J.D. Vance backed 'red flag' gun laws in 2018. Now he calls them 'a giant distraction.'


'We should make it easier to take those guns out of the hands of people who are about to use them to murder large numbers of people,' the Ohio Republican said at the time.

Republican Ohio Senate hopeful J.D. Vance has spent much of his campaign attacking "gun grabbers" and opposing firearm regulations. But just four years ago, he urged his party to pass the very laws he now rails against.

The author and venture capitalist appeared at a March 2018 Darke County Republican Party dinner as the featured speaker. According to a local newspaper report on the event, Vance appeared to endorse new laws to disarm those who are an imminent danger to others.

"We should make it easier to take those guns out of the hands of people who are about to use them to murder large numbers of people," he argued at the time. "We've got to have the right balance between protecting citizens, protecting our schools, and protecting the kids that go to them, but also protecting our really important and fundamental constitutional liberty."

In recent years, gun safety advocates have urged state and federal lawmakers to adopt extreme risk protection order legislation — often called "red flag" laws — to allow courts to temporarily disarm individuals deemed a danger to themselves or others. Studies have shown they are an effective way of reducing gun deaths, and at least 19 states and the District of Columbia have adopted these protections.

Even then-President Donald Trump endorsed the idea in 2019 in the wake of mass shootings in El Paso, Texas, and Dayton, Ohio. "We can and will stop this evil contagion," he promised. "That is why I have called for red flag laws, also known as extreme risk protection orders."

But since announcing his Senate campaign, Vance has abandoned his support for any new gun safety legislation.

"We have a massive spike in violent crime because police officers are afraid to do their jobs. Any 'crime prevention' effort that focuses on job training or gun seizures is a giant distraction," Vance tweeted last June. "The dumbest argument you hear is that the spike in crime is because of guns. Oh really? Was there an explosion of firearm ownership over the last two years, or did maybe something else happen?"

Gun purchases spiked to record highs during the COVID-19 pandemic, and even before then, there were more guns than people in the United States.

Last July, Vance wrote an op-ed in the Columbus Dispatch warning that President Joe Biden and an "unholy alliance" was coming for Americans' guns and other liberties. "Violence in our country is much more about density than guns," he asserted. "That's why the Biden Administration's dull attempts to curb gun violence don't work and they threaten the very foundation of the rights we are afforded as free, American citizens."

Vance's campaign issues page contains similar language. "Joe Biden and anti-democracy multinational companies are trying to find new ways to take guns away from law-abiding citizens. They're making it harder to buy firearms and ammunition, and imposing new, unconstitutional regulations on American citizens," Vance's campaign website reads. "I will fight the gun grabbers, whether they're federal bureaucrats enacting regulations or multinational companies punishing people for exercising their rights."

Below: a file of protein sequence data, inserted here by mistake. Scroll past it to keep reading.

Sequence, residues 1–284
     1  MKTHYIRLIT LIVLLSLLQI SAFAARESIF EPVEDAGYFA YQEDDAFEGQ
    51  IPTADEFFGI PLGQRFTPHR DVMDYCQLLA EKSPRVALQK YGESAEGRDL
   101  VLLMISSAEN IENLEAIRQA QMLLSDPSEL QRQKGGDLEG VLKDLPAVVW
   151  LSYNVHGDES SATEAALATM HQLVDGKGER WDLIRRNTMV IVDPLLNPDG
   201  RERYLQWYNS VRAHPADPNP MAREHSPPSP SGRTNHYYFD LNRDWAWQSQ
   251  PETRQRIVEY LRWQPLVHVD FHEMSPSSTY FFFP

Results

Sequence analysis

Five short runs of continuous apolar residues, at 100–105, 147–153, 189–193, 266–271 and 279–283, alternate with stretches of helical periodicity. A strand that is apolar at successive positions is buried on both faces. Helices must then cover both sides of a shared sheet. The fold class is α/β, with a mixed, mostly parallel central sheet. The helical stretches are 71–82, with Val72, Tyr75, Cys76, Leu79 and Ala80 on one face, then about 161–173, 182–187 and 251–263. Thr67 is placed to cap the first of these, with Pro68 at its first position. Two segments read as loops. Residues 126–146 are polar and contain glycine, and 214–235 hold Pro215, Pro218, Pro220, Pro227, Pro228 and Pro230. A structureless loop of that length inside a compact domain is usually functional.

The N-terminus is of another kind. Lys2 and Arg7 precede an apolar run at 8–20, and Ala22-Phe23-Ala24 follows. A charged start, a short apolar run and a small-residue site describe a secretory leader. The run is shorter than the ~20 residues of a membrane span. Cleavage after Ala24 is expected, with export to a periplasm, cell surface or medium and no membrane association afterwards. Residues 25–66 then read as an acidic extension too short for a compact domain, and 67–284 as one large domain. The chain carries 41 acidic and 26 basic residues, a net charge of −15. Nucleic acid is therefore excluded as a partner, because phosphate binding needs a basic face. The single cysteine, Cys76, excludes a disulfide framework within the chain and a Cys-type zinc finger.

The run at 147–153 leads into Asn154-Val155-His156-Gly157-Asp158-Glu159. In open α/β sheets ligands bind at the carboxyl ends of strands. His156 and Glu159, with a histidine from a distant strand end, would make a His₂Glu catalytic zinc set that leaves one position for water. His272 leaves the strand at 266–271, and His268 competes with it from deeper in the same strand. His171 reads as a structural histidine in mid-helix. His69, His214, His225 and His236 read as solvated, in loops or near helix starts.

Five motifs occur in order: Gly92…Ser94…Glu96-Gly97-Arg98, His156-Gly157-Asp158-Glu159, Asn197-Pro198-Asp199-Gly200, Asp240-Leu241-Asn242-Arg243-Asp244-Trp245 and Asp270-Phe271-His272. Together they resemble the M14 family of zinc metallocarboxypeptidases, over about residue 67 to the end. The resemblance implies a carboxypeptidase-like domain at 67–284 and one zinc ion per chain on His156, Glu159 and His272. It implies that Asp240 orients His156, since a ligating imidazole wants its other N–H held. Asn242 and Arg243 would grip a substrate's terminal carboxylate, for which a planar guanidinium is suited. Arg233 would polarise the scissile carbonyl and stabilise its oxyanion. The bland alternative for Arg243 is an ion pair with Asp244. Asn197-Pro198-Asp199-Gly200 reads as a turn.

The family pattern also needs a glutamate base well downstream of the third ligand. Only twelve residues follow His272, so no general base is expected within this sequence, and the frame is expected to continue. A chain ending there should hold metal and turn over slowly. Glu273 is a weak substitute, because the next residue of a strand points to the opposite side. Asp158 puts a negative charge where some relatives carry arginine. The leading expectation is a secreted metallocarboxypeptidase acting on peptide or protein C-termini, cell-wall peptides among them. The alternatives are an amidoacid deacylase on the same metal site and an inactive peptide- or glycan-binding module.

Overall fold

Vance's reversal on this is but the latest in a long series of flip-flops from positions the "Hillbilly Elegy" author took before he decided to run for political office.

In 2016, he frequently lambasted then-candidate Trump as "xenophobic" and "an idiot". Last year, he said he regretted criticizing Trump and was "wrong about the guy."

Shortly after Trump's 2017 inauguration, Vance openly acknowledged the role white privilege plays in America, saying there were "obviously still advantages to being white" and "there are still disadvantages to being Black." As a candidate, Vance now wants people to have the power to file lawsuits against companies that tell anyone to "deconstruct their privilege, or they need to sacrifice or repent of their whiteness."

He also once backed mask mandates to curb the coronavirus pandemic but went on to question why kids should have to wear masks. "I don't know why we should mask our children under any circumstance, but especially not when Biden/Harris refuse to control COVID at our border," Vance tweeted last August.

Vance is one of several Republican candidates running to replace Sen. Rob Portman (R-OH), who announced in January 2021 that he would not run for reelection. A February Emerson College/The Hill poll found Vance in third place behind millionaire Mike Gibbons and former Ohio Treasurer Josh Mandel.

Rep. Tim Ryan (D-OH) is leading the Democratic primary contest.

Update, 3:20 p.m.: Vance campaign press secretary Taylor Van Kirk gave the following statement to The American Independent Foundation:

JD has always been a staunch supporter of our 2nd Amendment rights and doesn’t believe in slippery slope restrictions like unconstitutional red flag laws. It’s worth noting that in his 2018 speech, referenced in this piece, not only does he not endorse red-flag laws, the term “red-flag laws” isn’t even uttered by him. Red Flag laws strip citizens of their due process rights and nowhere in this speech does JD endorse that or anything remotely similar. This is nothing more than a shameful disinformation spewed by a leftwing website, ran by a former adviser to Harry Reid no less.

Published with permission of The American Independent Foundation.